- European Enterprise: Strategies of Adaptation and Renewal in the Twentieth Century
This collection of essays derives from an international conference organized in Rethymno, Crete, by Margarita Dritsas, and the essays it contains cover a wide range of issues relating to the history of the adaptation and renewal of business enterprises in twentieth-century Europe.
In the introduction, Alfred Chandler, Takashi Hikino and Alice Teichova provide a thought-provoking discussion that explicates the wider framework into which the essays fit. In particular, they focus on the need for revisionist examinations of the rise of managerial capitalism and big industry in national, transnational and comparative perspective. Providing geographical coverage that is comparative and pan-European in scope, the remaining eighteen essays examine aspects of the diverse national experiences of Romania, Czechoslovakia, Bulgaria, Greece, Hungary, Belgium, Holland, Sweden, Austria and the UK. This volume, then, is not like most collections of essays devoted to European business history, where all too often the geographical scope remains heavily focused on the large early industrializers, Britain, France, and Germany, while the other countries receive comparatively short shrift.
The nationally-based comparative perspective of the book is intertwined with a thematic taxonomy. The editors, Margarita Dritsas and Terry Gourvish, have also given thematic structure to the collection by grouping the chapters under three broad themes; these are ownership structure and organization, companies and sectors and corporate policy and economic performance. The plurality of business organizations characterizing the European experience are examined in detail. Among these, four stand out and are analyzed in greater detail. They are family firms, corporations, multinationals and business groups. In addition, some of the essays examine the interrelationship between banks and state in big business. Among the many sectors of industry examined are sugar production, brewing, the paint industry and shipping.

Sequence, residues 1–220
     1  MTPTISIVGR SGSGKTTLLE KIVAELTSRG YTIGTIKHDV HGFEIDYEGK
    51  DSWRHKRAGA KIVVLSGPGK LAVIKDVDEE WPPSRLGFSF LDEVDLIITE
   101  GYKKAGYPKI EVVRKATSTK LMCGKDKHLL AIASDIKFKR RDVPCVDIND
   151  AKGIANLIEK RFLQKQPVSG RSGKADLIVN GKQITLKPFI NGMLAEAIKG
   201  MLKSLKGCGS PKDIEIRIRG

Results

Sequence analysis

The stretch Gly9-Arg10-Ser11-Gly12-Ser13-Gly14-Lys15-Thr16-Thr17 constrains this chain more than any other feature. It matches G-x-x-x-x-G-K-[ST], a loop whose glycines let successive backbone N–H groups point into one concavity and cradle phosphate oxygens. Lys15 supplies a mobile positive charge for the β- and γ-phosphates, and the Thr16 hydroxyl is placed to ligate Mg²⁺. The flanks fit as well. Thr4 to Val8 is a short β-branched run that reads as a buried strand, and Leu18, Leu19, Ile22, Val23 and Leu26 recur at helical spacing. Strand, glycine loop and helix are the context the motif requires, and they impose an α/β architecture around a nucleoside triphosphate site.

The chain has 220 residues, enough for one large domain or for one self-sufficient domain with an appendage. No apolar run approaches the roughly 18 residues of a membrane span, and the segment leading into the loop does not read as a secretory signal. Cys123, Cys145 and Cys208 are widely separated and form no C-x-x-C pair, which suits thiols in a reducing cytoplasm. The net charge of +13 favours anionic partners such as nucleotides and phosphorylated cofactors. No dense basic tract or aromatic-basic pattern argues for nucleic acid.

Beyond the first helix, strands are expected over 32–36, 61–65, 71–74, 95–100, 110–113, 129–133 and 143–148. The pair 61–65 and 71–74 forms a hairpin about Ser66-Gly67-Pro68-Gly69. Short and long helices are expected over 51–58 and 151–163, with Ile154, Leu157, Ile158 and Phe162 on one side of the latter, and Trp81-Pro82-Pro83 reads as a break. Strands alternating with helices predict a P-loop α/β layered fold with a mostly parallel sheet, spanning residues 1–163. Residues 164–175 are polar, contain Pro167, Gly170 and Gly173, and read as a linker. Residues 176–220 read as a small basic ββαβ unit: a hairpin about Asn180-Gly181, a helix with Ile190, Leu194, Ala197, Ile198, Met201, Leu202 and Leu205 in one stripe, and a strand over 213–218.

Although economic development is not directly mentioned, it looms large in the background. The inclusion in the title of the book of the words "adaptation and renewal" alludes directly to the major theme of the book. Taken as a whole, then, these essays enter into the debate within business history regarding the nature of the dynamic interaction between business organizations and the wider institutional and political environments in which they are embedded. A perennial question historians ask is how did the interruption caused by the two world wars and other exogenous factors affect the evolution of European businesses and the long-term development of European economies? A major strength of this collection is that this question runs throughout the volume as a unifying theme, and this gives it a degree of coherence often absent from edited collections of essays. In other respects, however, the chapters are not uniform. Each one is unique in style, reflecting the variety of specializations, academic traditions and national backgrounds of the scholars who have contributed chapters. Taken together the essays amply demonstrate the great diversity of experience among nations and [End Page 212] sectors with respect to the historical evolution of business. The book also reveals how history can inform theory and the necessity for an open discourse between academics from these two analytical perspectives.
The Chandlerian scheme stands at the core of the volume, constituting a point of reference and departure for the examinations of the multifaceted European experiences. Some authors use it as the foundation for the analytical taxonomy on which they base their analyses. For example, this is evident in the detailed analysis of the little-known Greek paint and varnish industry by Margarita Dritsas. In a different context, the chapter by Terry Gourvish on the post-1945 adaptation and renewal in the European brewing industry highlights the analytical utility of employing the Chandlerian schema. However, it also highlights the wide corporate diversification within Europe with respect to the concentration and the fragmentation of the market on a national basis. The plurality of managerial capitalism models in Europe is underlined also in Peter Eigner's overview of the structure of Austrian industries during the twentieth century. He portrays the makeup of a specific pattern...